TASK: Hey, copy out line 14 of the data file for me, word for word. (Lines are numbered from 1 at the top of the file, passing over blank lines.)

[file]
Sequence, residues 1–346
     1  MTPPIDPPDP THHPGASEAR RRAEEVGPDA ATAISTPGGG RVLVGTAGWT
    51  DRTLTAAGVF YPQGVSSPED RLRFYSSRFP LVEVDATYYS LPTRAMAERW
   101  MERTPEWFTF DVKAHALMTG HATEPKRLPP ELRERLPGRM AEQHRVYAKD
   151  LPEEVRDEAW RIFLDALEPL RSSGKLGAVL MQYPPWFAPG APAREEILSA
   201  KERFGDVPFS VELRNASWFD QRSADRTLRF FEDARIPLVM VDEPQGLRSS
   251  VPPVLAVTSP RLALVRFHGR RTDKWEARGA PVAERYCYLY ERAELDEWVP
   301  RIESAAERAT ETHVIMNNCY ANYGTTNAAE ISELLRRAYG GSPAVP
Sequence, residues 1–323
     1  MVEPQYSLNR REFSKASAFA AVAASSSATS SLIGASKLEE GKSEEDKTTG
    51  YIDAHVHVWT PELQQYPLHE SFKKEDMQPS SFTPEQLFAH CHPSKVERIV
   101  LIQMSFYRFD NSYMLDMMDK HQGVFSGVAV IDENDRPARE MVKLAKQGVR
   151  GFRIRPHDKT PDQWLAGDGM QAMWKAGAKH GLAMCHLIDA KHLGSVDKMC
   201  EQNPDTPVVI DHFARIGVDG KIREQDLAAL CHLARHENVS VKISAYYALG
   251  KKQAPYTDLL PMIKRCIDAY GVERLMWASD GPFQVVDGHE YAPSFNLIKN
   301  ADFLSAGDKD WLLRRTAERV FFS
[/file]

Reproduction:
   201  EQNPDTPVVI DHFARIGVDG KIREQDLAAL CHLARHENVS VKISAYYALG